As I embarked on an epic two and a half thousand mile journey overland across Australia from Darwin to Melbourne in December last year and January this year I decided it was time to read some more Australian literature, as I had seven years ago when I travelled up the East Coast of Australia (see my previous blog on Going Down Under). Given I was headed to Alice Springs it seemed appropriate to read the classic by Nevil Chute A Town Like Alice.
It had the added interest for me of being about the prisoner of war experience in Malaysia in World War Two, something I have read about elsewhere (see my blogs on wartime Malaysia and similarly on the Thai Burma railway, and also on David Malouf’s The great world).
I thought it was an utterly charming book. It starts in Scotland as a solicitor is instructed by an elderly client to be executor for a will that at first seems unlikely to benefit Jean, the heroine of the book. It then follows her story of life in Malaysia and her experience when war breaks out of trying to save a group of English wives and families as they are passed around by Japanese soldiers with no idea what to do with them. I discovered at the end of reading the book that this experience is actually based on the true story of a Dutch woman who saved a group of Dutch women during the war in the Dutch East Indies.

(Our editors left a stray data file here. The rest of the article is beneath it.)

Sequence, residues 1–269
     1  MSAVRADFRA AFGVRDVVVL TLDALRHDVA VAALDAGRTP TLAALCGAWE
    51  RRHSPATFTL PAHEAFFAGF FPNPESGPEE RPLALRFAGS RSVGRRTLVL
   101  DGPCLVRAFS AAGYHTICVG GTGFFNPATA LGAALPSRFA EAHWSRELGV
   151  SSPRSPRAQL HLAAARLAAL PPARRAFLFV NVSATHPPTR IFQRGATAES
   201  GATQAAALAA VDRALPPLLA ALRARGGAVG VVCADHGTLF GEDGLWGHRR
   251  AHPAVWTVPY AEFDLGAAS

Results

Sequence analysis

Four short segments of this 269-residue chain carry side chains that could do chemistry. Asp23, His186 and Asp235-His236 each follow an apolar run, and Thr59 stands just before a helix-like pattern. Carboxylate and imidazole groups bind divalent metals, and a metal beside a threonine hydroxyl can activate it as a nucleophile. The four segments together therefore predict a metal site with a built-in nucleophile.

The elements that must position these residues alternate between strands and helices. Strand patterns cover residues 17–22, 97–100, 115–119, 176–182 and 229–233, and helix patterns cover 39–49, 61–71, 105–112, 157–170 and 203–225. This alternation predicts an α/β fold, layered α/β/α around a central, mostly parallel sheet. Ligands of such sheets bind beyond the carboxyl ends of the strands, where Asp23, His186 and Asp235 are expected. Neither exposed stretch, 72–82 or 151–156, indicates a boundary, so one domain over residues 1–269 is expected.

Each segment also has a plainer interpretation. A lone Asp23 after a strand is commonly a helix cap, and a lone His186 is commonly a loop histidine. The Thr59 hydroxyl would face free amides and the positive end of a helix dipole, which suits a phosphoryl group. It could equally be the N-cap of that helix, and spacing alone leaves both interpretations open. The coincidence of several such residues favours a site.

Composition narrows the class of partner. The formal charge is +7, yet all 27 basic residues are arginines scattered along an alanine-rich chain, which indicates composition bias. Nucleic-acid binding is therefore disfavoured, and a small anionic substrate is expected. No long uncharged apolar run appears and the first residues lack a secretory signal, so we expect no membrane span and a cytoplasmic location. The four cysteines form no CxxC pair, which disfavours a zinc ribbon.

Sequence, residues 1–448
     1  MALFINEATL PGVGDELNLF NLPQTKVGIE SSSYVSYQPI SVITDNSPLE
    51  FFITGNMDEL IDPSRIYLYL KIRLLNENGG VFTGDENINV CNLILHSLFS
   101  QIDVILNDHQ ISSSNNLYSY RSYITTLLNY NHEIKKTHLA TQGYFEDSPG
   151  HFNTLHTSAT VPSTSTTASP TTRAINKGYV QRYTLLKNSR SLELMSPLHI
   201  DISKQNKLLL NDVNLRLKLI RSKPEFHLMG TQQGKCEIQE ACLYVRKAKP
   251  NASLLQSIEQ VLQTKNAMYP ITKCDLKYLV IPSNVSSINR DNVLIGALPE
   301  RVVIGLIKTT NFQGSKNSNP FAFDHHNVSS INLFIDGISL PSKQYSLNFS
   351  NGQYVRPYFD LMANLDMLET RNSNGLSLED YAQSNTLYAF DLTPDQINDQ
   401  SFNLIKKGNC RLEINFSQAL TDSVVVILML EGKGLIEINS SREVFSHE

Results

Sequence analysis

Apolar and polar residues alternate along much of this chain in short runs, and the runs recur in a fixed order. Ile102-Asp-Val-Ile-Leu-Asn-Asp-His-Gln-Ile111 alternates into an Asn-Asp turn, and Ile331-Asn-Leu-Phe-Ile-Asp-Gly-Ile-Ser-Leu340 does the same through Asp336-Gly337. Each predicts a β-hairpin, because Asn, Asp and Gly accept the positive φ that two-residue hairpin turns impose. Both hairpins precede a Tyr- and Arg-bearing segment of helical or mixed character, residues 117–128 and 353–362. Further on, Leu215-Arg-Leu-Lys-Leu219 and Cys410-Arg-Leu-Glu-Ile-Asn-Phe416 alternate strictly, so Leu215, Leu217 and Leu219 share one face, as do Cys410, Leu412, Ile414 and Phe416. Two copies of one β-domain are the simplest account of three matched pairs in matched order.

In the course of this journey across Malaysia Jean meets an Australian soldier Joe who is tortured by the Japanese in trying to help her and is left for dead. After the war in London our solicitor finds Jean to tell her she has inherited and a sweet friendship develops between the two. Over the course of deciding what to do about her future she decides to bravely go back to Malaysia and in doing so discovers that the Australian soldier did not die.
So, as Joe travels half way around the world to find Jean, having recently discovered that she was not married as he had thought, she travels to Australia to find him. To cut a long story short they meet, and then set about a new life together in Queensland where she decides to develop a tiny town serving the local cattle stations into A Town Like Alice, the town he talked of to her during the war.
What is so good about this book is how it manages to convey both extremes of torture and death under the Japanese in the war and the quiet life of domestic contentment in lonely outback Australia. It is easy to see why this book is a modern classic and one very worthwhile, interesting and enjoyable to read.